Whereas, I have come to the conclusion that maybe I am an “aroma eater” – if it doesn’t smell good I will not go near it.

As an example, I have never eaten Indian food in my life. The reason? Oh, that’s too simple. It’s purely because I cannot stand the smell that wafts out of Indian restaurants. I don’t know what it is, and I know, deep down, that individual dishes will not smell bad, but because of the smell I cannot bring myself even to attempt to cook a curry.

Similarly, parmesan cheese, to me smells like vomit, and I cannot bring myself to use it. Even though I have been told that fresh parmesan smells nothing of the sort!

On the plus side, it has helped me kick my addiction to biscuits. I have not had a biscuit in 2 years. After about a week the smell changed. It went from being a scrummy smell, to me being able to smell only the fats and other industrial components, and as a consequence I now cannot eat them.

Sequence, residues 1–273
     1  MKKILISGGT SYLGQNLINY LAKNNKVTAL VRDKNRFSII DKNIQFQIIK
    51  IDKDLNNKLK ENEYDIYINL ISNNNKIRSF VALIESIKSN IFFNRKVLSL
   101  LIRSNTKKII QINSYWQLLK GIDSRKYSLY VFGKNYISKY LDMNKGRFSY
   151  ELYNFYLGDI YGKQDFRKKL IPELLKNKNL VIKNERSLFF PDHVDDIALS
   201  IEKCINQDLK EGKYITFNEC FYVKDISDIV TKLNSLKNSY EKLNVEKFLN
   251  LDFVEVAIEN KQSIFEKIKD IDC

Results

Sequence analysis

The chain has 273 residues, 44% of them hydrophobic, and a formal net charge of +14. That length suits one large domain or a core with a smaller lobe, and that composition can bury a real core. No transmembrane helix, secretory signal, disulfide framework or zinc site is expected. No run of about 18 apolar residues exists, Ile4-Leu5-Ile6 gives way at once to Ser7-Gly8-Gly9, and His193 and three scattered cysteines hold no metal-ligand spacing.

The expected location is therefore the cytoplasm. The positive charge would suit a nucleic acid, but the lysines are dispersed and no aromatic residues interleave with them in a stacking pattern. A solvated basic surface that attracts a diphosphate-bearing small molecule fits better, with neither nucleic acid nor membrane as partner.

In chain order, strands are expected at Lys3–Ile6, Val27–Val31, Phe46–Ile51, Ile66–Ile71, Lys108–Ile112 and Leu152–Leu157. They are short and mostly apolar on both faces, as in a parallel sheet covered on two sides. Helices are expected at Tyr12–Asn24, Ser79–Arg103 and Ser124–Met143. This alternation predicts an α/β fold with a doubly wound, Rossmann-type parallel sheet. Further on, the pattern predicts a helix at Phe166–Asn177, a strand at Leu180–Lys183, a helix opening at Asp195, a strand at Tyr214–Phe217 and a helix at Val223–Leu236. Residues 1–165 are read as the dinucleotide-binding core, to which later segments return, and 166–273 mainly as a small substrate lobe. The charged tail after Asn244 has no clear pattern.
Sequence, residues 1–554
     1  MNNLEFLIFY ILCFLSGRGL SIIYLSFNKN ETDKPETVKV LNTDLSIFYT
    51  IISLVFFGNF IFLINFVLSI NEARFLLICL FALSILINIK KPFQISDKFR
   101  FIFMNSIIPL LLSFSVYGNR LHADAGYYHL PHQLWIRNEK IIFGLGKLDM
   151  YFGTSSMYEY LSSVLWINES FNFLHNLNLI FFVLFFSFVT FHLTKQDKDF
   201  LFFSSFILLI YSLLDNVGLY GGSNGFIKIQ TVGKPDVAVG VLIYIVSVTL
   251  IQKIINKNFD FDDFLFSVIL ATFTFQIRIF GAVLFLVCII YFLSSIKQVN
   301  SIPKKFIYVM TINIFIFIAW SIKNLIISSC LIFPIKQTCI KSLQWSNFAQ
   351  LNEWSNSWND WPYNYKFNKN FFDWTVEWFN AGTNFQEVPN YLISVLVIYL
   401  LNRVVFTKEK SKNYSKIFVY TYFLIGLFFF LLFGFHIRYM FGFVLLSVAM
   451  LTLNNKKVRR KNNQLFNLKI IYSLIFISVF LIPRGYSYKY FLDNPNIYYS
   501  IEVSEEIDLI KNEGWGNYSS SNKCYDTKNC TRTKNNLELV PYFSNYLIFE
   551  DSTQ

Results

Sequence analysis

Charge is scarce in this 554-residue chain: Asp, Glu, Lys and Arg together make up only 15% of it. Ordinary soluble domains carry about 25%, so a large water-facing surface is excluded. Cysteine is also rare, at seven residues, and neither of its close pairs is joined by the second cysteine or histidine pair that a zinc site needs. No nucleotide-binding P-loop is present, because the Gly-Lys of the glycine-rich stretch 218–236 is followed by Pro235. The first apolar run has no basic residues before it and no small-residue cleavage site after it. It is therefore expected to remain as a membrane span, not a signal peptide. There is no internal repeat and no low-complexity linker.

This I believe is one the foremost techniques in NLP when trying to get someone to ‘kick a habit’, by getting them to give the habit a different smell or taste. So, if you like chocolate, I believe the idea is that when you take a bite instead of enjoying the chocolatey flavour, you train your brain into thinking it tastes of brussel sprouts, so after a few days when you reach for the afternoon ‘pick-me-up’, your brain screams “YUK! Brussel sprouts!” and you think twice about eating it.

But would it work the other way around?

So, for instance, if SC refuses to eat something because of the way it looks, should I try the blindfold test?

Similarly, should I try to cook a curry and hold my nose in the first instance of tasting?

After all, if you can train your brain to think one way, surely you can train it to think another?

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Warning: Allergy to Chocolate

Seriously! I have an allergy to chocolate.Chocolate

Not sure what part of the ingredient list it is, but I have just basically avoided the stuff since I was about 20, and realised it was what was making me more nuts than usual 😉

It’s not life threatening, I don’t come out in huge hives, rashes, or any other ‘normal’ allergic reaction.